The Best Blog Post You Never Read
You are as powerful as you allow yourself to be … you can choose your own thoughts, reactions and emotions to every event in your life.
As we prepare to welcome a new year, I’ve been considering what might be an appropriate post to close out 2012. I thought about the tried-and-true “Best of” approach, but I wanted this to be something more than a list of archived articles that you would (with only the best of intentions) bookmark, but never quite get around to reading.
So, I’ve decided to share with you what is, to me, the most meaningful post since birthing this blog a little over two years ago. Of course in those early days traffic was pretty slim here, so that means very few people have had the opportunity to meet the man who taught me the power of taking responsibility for my own life.
With that in mind, I decided to revisit the story of W. Mitchell and aptly named this post …
The Best (IGG) Blog Post You Never Read
W. Mitchell (Mitchell as he prefers to be called) slowly wheels himself on the stage to speak. Predictably, the sight of his badly scarred face and fingerless hands cause a hush among the audience.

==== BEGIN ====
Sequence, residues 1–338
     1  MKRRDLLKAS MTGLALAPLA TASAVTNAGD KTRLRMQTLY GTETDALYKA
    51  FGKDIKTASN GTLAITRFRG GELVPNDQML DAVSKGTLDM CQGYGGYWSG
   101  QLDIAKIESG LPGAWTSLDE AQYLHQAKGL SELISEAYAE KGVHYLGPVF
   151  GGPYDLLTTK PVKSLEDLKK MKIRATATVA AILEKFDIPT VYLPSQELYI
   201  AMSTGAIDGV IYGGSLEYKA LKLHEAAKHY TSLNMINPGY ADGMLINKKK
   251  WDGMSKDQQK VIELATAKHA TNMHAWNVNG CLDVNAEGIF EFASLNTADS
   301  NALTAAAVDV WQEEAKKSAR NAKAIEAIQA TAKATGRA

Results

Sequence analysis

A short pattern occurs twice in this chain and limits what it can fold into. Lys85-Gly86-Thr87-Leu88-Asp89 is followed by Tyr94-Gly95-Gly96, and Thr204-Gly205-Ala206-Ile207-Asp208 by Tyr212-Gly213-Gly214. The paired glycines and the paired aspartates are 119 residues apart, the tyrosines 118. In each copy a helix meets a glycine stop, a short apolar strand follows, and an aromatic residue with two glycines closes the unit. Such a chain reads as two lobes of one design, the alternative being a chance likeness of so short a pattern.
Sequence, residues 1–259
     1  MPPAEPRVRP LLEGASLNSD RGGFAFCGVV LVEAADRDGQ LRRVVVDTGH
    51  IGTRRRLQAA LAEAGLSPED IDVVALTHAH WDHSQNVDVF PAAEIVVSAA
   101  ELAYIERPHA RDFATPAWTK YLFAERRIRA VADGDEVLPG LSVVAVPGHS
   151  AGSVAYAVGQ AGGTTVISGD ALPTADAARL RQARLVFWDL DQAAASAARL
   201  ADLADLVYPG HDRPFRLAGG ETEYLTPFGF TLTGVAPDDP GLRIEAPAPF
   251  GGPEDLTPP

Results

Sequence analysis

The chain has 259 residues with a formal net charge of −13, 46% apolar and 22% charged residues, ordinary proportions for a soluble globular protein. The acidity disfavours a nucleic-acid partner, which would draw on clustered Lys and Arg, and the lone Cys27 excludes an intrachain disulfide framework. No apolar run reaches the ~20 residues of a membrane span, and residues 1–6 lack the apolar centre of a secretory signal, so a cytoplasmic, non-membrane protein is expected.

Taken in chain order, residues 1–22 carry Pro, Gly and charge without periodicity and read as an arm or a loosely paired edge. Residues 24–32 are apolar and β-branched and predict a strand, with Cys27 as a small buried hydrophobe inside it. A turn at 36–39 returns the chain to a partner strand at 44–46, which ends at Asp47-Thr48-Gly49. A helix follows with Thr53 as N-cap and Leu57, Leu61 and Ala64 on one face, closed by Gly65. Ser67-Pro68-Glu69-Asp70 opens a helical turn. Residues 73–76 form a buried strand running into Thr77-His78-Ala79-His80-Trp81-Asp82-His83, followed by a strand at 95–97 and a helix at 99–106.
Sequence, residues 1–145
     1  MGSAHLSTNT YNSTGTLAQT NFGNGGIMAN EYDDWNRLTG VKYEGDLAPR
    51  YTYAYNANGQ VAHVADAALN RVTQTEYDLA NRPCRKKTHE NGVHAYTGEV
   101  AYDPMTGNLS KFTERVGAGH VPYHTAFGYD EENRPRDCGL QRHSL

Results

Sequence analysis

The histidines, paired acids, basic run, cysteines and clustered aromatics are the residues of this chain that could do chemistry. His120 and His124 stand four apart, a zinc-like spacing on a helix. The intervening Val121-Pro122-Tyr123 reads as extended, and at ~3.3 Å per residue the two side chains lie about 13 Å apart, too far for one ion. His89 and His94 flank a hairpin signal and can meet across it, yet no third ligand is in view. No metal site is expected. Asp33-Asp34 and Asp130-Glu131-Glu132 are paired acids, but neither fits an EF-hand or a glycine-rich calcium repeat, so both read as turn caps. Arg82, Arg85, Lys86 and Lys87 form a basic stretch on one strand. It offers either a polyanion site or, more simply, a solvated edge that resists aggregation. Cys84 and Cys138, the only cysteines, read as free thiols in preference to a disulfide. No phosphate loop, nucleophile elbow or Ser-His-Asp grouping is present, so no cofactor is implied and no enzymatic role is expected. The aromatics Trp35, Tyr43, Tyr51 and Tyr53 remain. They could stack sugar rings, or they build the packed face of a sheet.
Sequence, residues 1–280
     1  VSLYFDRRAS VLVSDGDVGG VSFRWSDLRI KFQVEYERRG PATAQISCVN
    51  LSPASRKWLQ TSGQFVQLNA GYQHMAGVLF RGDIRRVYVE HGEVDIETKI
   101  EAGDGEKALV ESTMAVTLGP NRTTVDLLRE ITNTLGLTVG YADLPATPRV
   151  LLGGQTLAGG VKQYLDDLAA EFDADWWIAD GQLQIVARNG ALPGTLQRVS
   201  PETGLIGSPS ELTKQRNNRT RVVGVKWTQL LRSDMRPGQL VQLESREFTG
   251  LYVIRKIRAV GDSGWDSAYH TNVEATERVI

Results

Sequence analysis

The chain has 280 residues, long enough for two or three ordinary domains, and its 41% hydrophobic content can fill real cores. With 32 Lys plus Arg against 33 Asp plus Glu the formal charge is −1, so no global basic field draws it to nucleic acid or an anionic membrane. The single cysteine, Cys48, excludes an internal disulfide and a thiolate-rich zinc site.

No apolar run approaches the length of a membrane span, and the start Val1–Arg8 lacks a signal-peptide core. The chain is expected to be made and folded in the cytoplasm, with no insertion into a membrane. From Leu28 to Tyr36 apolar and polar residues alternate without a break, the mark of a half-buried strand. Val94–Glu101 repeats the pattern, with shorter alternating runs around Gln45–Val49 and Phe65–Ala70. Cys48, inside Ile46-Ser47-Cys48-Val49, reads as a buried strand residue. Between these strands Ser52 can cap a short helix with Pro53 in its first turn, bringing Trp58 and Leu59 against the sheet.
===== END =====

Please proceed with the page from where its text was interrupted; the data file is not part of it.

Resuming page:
With his signature irreverent sense of humor, warm smile and soothing voice, Mitchell soon manages to create a sense of intimacy, as though you’re sitting with an old friend. Then something magical happens, and the scars seemingly fade away as he begins to tell his story.
On July 19th 1971 Mitchell started the day on top of the world. He was a strong, good looking young man of 28 who enjoyed an active life and had a passion for sports; he’d just made his first solo flight, had a dream job as a gripman on the San Francisco cable cars, and would be the first to say, he did just fine with the ladies, thank you very much.
That afternoon he jumped on his brand new motorcycle, and headed out to see his girlfriend. It was then that fate changed his life forever.